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Boeing Contracted To Keep Building More AH-64 Apache Helicopters

AH-64 contract
An AH-64E Apache in flight. (Photo: Boeing)

While the latest AH-64E variant will be produced until at least 2028, Boeing is working on a new modernized variant that will complement the new aircraft of the Future Vertical Lift program.

Boeing was recently awarded a new $ 1.9 billion contract to keep building Apache helicopters, adding 184 AH-64Es for the U.S. Army and international customers to the production lines, including the first of 29 Apaches ordered by Australia last year. This contract follows a previous multi-year $ 3.4 billion contract signed in 2017 for the delivery of 268 AH-64Es. The Army will now receive another 115 remanufactured Apaches, with an additional 15 helicopters to be procured as options, while the remaining 54 helicopters are part of Foreign Military Sales.

“We are enhancing the U.S. Army’s attack fleet, while supporting additional partner nations and welcoming our newest Apache customer, the Australian Army,” said Christina Upah, vice president of Attack Helicopter Programs and senior Boeing Mesa site executive. “This contract highlights the need for Apaches worldwide.”

This award comes just as the U.S. Army’s AH-64 fleet surpassed 5M flight hours, a testament to the Apache’s capability, reliability and versatility. The accomplishment, as noted by Boeing in the press release, is equivalent to flying nonstop for more than 208,333 days or 570 years and nine months. Additionally, 1.3 million of those five million flight hours were accomplished during combat operations in all the operational theaters where the helicopter has been deployed throughout the years.

The first production AH-64 rolled off McDonnell Douglas assembly lines in 1983 and was delivered to the US Army the next year. Since then, the service operated A, D and E-model Apaches, with the latter two being the variants currently in service. The AH-64E was inducted in service in 2013 and is being fielded among all units as the older AH-64Ds are remanufactured and upgraded to the new E-model. Last year, the new variant was delivered for the first time to the National Guard and to permanently deployed units overseas in South Korea.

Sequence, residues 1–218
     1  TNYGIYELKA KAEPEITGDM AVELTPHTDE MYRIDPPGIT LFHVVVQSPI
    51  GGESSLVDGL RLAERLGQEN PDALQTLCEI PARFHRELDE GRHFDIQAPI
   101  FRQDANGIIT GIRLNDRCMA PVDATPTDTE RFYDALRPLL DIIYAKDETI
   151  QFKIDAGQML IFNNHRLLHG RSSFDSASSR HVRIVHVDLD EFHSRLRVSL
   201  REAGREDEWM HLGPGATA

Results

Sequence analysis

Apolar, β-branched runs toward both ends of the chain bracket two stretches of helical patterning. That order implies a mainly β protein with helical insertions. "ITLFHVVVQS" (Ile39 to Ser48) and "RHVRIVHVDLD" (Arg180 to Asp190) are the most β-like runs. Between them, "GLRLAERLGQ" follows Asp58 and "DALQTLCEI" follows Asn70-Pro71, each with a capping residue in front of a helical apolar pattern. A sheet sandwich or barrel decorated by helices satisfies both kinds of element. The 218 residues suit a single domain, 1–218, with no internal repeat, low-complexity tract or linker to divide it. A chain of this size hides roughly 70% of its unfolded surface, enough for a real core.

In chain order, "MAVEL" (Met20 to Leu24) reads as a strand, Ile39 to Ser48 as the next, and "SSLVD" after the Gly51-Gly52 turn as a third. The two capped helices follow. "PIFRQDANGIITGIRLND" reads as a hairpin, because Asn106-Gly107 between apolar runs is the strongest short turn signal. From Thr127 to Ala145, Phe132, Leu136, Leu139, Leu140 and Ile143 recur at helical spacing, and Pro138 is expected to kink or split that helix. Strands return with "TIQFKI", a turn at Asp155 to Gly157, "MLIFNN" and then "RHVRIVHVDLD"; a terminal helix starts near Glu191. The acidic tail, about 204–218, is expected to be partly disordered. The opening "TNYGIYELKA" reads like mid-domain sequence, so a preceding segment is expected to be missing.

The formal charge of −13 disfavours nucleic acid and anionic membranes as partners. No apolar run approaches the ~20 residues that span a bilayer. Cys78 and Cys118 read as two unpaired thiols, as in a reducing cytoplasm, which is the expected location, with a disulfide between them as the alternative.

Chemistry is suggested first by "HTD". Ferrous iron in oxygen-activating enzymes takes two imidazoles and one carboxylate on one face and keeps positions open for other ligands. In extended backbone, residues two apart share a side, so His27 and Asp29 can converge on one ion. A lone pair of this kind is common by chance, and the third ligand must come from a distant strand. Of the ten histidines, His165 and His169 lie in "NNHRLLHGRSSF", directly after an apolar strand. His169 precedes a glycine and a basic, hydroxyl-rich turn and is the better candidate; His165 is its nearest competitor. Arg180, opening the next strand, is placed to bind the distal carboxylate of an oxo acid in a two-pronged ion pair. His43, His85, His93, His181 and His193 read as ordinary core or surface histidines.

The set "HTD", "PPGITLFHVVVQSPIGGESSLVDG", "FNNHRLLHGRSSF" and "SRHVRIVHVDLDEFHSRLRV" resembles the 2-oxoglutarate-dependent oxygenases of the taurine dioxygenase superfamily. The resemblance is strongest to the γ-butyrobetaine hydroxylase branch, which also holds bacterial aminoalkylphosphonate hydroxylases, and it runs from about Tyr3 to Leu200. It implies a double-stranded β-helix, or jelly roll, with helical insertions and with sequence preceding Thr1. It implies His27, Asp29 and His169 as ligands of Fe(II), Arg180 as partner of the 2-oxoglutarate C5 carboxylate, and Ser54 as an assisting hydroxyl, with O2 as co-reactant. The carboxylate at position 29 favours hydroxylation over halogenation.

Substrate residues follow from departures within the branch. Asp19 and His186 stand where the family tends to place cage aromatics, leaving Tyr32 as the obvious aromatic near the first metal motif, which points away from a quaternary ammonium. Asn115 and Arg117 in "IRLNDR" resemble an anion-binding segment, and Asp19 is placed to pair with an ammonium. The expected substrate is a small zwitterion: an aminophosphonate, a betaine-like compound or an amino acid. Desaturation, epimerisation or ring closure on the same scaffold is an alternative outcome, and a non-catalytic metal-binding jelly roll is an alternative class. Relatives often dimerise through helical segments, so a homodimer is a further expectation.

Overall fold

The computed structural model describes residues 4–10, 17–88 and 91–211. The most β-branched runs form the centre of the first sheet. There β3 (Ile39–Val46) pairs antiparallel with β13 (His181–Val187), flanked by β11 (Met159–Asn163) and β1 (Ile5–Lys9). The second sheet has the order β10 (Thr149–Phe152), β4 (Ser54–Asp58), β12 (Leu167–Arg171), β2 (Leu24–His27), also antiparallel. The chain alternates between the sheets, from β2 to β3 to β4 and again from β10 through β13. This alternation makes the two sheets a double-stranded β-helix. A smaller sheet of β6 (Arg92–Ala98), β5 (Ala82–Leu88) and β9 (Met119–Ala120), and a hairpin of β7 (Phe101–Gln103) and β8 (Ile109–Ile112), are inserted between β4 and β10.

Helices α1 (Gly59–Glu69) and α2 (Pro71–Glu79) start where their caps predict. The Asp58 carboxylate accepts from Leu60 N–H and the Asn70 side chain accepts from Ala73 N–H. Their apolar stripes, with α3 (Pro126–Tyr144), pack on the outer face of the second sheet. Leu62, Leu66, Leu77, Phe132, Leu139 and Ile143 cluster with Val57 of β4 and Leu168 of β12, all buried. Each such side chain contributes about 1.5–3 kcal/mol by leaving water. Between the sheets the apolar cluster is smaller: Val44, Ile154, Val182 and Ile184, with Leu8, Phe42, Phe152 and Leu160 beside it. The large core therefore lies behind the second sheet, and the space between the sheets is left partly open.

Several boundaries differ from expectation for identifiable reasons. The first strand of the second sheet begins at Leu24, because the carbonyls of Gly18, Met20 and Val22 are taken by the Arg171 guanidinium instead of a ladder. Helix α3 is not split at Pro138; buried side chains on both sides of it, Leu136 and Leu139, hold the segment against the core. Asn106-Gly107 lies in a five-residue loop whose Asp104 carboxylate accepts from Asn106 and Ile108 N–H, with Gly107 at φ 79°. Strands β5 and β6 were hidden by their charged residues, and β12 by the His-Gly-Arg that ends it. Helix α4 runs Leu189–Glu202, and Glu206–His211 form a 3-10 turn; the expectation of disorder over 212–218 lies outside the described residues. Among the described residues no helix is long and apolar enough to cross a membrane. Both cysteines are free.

Boeing delivered the 2,500th AH-64 Apache helicopter in 2020 from the company’s production line in Mesa, Arizona. Legacy Apache deliveries, including new-build and remanufactured helicopters, include 937 A-models through 1997, more than 1,000 AH-64Ds between 1997 and 2013, and more than 500 E-models since 2011. More than 1,275 Apaches are currently in service with 17 defense forces around the world and the list keeps growing, with Australia and Poland being the latest countries to order the AH-64E as the 18th and 19th operators of the type.

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A concept art of the Modernized Apache being developed by Boeing. (Image: Boeing)

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A concept art of the Modernized Apache being developed by Boeing. (Image: Boeing)